Taxation in Iceland
|An aspect of fiscal policy|
Taxes in Iceland are levied by the state and the municipalities. Property rights are strong and Iceland is one of the few countries where they are applied to fishery management. Taxpayers pay various subsidies to each other, similar to European countries that are welfare states, but the spending is less than in most European countries. Despite low tax rates, overall taxation and consumption is still much higher than in countries such as Ireland. Employment regulations are relatively flexible.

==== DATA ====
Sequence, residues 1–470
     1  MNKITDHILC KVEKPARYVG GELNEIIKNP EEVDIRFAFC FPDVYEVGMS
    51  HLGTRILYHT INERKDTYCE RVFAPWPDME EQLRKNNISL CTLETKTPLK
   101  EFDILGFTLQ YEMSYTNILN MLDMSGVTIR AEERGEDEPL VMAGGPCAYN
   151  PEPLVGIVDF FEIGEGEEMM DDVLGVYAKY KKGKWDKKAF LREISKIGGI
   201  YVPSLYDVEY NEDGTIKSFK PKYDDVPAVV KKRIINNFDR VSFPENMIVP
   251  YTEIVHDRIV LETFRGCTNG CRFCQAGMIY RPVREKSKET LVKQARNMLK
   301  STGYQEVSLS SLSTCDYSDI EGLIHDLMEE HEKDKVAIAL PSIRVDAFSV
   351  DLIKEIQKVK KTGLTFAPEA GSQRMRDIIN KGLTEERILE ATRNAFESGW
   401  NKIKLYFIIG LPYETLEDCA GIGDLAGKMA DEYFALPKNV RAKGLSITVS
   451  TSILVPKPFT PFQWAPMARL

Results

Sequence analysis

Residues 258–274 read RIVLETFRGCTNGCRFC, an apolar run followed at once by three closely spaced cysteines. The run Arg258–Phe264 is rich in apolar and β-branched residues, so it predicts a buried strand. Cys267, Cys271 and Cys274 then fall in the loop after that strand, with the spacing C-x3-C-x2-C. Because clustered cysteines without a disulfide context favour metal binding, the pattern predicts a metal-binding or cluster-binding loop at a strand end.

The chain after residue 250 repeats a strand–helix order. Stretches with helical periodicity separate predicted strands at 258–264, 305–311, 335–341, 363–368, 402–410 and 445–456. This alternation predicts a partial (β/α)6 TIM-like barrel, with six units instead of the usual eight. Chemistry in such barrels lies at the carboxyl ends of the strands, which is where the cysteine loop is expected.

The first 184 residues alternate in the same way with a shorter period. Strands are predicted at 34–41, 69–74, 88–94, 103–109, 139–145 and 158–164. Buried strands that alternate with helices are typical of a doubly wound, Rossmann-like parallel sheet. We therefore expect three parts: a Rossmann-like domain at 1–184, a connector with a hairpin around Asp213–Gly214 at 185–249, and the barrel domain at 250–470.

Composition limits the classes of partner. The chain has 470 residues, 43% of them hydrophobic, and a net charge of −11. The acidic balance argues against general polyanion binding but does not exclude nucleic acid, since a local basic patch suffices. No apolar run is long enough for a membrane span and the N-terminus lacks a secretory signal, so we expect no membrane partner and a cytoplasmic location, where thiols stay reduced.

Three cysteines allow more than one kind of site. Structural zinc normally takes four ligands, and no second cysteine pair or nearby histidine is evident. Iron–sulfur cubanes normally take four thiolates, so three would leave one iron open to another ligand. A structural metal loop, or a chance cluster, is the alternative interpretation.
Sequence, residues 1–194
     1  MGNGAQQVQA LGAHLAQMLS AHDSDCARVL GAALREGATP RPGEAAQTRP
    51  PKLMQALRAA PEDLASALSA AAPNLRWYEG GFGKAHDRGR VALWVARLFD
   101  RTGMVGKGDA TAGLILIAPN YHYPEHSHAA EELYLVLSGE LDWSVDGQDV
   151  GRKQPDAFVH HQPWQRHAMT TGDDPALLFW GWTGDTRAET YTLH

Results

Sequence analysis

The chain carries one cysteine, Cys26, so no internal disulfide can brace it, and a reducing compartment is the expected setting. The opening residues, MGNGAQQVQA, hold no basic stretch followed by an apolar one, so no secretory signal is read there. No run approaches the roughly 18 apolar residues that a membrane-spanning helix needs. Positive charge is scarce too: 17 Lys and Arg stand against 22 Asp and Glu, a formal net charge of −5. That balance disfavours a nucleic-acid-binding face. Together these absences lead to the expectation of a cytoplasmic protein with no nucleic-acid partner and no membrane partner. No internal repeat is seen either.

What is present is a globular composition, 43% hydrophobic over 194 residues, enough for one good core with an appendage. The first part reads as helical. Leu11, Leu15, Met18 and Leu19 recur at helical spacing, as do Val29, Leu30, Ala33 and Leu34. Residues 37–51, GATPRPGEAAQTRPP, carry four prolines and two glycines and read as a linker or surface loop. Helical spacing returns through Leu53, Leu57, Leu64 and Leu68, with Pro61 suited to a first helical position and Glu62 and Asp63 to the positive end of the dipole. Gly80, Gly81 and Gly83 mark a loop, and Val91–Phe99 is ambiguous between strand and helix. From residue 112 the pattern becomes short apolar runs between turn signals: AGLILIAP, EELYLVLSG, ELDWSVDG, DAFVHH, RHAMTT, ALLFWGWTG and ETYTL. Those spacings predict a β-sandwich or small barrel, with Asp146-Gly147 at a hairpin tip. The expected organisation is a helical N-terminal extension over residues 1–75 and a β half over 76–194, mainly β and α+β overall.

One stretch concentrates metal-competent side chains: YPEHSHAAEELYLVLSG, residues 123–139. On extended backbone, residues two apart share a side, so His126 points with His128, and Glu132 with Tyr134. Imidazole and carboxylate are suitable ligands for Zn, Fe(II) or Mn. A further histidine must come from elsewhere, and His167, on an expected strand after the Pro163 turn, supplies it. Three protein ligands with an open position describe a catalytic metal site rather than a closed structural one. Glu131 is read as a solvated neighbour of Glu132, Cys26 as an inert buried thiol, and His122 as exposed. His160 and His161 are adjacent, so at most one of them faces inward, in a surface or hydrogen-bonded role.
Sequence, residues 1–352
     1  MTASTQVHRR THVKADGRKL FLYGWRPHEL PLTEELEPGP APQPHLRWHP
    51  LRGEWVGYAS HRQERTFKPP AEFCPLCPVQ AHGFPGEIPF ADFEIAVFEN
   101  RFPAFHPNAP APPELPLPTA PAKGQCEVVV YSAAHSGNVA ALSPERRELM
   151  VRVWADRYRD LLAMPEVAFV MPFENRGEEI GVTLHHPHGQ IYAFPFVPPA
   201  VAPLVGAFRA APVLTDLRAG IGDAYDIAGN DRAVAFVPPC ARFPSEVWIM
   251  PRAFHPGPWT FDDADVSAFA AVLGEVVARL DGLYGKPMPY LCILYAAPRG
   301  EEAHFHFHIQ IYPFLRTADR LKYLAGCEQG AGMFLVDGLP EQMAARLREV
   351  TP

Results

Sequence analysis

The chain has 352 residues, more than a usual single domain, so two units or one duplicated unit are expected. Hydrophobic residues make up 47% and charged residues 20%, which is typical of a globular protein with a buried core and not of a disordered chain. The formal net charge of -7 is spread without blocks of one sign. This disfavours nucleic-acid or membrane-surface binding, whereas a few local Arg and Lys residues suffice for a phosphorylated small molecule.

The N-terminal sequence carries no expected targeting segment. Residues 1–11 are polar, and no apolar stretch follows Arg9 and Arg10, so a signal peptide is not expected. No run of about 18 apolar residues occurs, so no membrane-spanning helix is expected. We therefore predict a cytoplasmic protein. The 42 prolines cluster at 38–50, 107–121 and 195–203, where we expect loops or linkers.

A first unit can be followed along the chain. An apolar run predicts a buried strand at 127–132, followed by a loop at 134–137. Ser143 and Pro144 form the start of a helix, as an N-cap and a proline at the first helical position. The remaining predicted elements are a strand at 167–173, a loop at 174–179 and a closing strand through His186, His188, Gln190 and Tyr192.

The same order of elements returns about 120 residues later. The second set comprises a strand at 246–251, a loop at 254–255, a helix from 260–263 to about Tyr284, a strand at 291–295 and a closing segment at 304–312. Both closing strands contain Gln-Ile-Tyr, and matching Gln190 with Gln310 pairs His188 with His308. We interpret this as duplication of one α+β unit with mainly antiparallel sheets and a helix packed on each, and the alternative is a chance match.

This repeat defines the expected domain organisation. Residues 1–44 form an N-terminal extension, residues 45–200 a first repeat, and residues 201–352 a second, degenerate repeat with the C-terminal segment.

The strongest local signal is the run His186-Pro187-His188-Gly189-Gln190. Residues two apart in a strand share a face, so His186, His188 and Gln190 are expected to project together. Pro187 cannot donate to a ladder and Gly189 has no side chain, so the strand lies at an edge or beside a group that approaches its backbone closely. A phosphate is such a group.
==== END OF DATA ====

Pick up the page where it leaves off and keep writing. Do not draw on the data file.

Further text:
Income tax is deducted at the source, which is called pay-as-you-earn (PAYE). Each employee has a personal tax credit of 50,902 ISK per month (2015); unused credit may be transferred to one's spouse. Up to 8% of gross income may be deducted for private pension insurance.
|Monthly consideration||Rate (2015)|
|First 309,140 ISK||37.30%|
|Next 527,264 ISK||39.74%|
|Above 836,404 ISK||46.24%|
The rate includes 14.48% collected by municipal authorities.
Tax on capital gains
Individuals pay 20% capital gains tax.
The standard rate of value-added tax is 24%, with a reduced rate of 11% for certain products.
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